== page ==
This princess saint was not Harry Potter's owl: St. Hedwig of Silesia
Readers who find this story through a search engine probably were looking for information about Hedwig, Harry Potter's snowy owl.
St. Hedwig of Silesia
Wroclaw, Poland, (CNA) - Readers who find this story through a search engine probably were looking for information about Hedwig, Harry Potter's snowy owl.
St. Hedwig of Silesia was not an owl. But read on anyway: she was a princess, a wife, a mother, and a builder of bridges between the German and Polish people. And her husband's name was "Henry the Bearded."
St. Hedwig, whose feast is Oct. 16, lived in the 13th century and received a good education in her youth at a convent in Bavaria. She is recorded to have said that knowledge plus holiness of life leads to greater glory for souls in heaven.
Hedwig "became known as a helper of poor people and after her canonization, she became a beloved patron saint of the same groups of people," Bishop Andrzej Siemieniewski, auxiliary bishop of Wroclaw, told CNA.
She came from a holy family: Hedwig's sister Gertrude was the mother of St. Elizabeth of Hungary.
While still a girl, Hedwig moved to the lower part of Poland, the region called Silesia, to marry Duke Henry I the Bearded. Together they had seven children, only two of whom lived to maturity.
St. Hedwig loved the Eucharist, prayer, and reading and meditating on scripture. In her own household she had scripture read aloud during meal times. Despite her wealth as a duchess, she practiced serious asceticism: she fasted, ate plain food, and lived with few personal possessions.
After her children were grown, Hedwig devoted herself to the spiritual and corporal works of mercy, especially helping the poor, sick, hungry, widows, orphans, and expectant mothers.
Unlike other princesses of the time, Hedwig helped people with her own hand, and not through her servants. She also gave shelter to sick and disabled people in her castle.
A biographer of Hedwig wrote that the poor followed her everywhere she went, as if she was their mother.
She would also visit and bring food and other items to the imprisoned and send money to people who could not repay their debts. She used her position as a duchess to defend and intervene on behalf of prisoners and people sentenced to death so that they would receive lighter sentences or be freed.
St. Hedwig was responsible for bringing the Cistercian Order to Silesia. She had a monastery and several churches, including the first, built in the region. One of these churches, in modern-day Trzebnica, where she is buried, is now a shrine to the saint, who was canonized in 1267. The shrine is a popular place of pilgrimage for people from all over the world.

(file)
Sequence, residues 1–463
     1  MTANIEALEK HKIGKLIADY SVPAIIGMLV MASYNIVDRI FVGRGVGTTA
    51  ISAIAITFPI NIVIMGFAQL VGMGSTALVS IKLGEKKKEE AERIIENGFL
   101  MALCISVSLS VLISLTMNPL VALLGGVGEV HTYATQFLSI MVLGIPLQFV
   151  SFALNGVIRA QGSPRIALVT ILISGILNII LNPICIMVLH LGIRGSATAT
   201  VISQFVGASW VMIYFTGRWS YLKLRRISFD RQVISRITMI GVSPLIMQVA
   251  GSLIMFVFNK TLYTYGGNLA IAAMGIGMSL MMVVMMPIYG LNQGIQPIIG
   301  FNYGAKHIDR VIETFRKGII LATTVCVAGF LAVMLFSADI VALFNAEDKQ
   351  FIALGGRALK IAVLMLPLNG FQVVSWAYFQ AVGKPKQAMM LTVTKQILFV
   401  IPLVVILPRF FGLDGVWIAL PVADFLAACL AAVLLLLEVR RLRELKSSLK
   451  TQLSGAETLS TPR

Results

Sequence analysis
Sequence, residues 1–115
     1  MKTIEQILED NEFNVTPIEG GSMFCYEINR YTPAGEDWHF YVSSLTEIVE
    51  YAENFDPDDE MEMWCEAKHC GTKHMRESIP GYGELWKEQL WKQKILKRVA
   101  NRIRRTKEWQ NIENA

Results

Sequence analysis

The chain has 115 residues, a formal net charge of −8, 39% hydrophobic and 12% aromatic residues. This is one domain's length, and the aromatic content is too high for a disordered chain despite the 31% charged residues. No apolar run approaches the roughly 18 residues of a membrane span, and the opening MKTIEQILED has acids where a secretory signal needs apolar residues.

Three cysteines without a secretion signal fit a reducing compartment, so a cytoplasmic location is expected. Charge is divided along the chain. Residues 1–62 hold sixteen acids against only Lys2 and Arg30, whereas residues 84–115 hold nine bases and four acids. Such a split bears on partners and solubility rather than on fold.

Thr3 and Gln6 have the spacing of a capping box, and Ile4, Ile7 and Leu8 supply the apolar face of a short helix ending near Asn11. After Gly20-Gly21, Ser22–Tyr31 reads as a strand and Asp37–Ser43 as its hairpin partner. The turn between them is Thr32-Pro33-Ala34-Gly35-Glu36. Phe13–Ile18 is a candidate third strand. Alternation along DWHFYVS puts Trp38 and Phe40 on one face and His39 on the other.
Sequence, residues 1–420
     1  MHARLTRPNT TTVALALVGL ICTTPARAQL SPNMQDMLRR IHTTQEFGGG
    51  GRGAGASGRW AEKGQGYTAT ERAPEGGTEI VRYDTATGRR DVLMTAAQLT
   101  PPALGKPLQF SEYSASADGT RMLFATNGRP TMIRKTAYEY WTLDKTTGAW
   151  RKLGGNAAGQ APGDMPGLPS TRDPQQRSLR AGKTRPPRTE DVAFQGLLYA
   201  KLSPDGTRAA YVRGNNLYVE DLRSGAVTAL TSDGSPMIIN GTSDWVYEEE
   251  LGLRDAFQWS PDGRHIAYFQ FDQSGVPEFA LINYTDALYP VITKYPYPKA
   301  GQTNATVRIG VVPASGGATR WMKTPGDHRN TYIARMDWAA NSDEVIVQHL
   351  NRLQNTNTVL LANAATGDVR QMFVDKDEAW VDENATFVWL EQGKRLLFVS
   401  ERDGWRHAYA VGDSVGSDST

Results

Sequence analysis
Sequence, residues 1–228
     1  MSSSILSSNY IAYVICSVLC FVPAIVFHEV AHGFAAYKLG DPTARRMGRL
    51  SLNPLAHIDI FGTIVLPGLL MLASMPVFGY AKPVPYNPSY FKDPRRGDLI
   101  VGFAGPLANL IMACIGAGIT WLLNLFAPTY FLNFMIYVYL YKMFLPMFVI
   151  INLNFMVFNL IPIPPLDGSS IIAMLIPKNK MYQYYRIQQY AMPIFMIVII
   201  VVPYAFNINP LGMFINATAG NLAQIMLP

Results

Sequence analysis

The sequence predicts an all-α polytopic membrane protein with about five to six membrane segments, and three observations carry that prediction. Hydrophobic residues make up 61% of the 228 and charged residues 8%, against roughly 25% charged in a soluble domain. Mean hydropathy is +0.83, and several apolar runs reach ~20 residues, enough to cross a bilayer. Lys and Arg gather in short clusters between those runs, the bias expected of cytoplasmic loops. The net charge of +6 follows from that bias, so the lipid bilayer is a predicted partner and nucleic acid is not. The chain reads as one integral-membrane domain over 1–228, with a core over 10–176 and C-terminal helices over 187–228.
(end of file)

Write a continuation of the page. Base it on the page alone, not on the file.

The monastery connected to this church is still active and is considered to be the largest existing 13th-century building in Central Europe.
Hedwig lived in that monastery near the end of her life, and though she did not take religious vows, lived in community with the religious sisters there. Tradition at the monastery says that she would pray a lot, to the point of sometimes locking herself in the chapel overnight.
The saint also had a strong love of the Blessed Virgin Mary, and would carry a statue of Our Lady around with her, using it to bless the sick, some of whom it is said were afterward healed. She was buried with this statue, and tradition says when her tomb was opened years later, the fingers gripping it were not decomposed.
Images and statues of St. Hedwig usually depict her holding a statue of the Blessed Virgin Mary, feeding the poor, or holding a church.
St. Hedwig, as a Bavarian, became a symbol of "Catholic and Christian living" in the region, and how Germans and Polish could could live together as members of one Church, Bishop Siemieniewski said.
In Wroclaw, Poland, there is an important statue of St. Hedwig next to a monumental bridge. This symbolizes, he said, the bridge she formed between the neighboring nations of Germany and Poland.
She is also beloved by Czech people. "St. Hedwig is considered a mother to the Silesian people, and Silesia meant, in older times, 'home for many nations,'" he explained.
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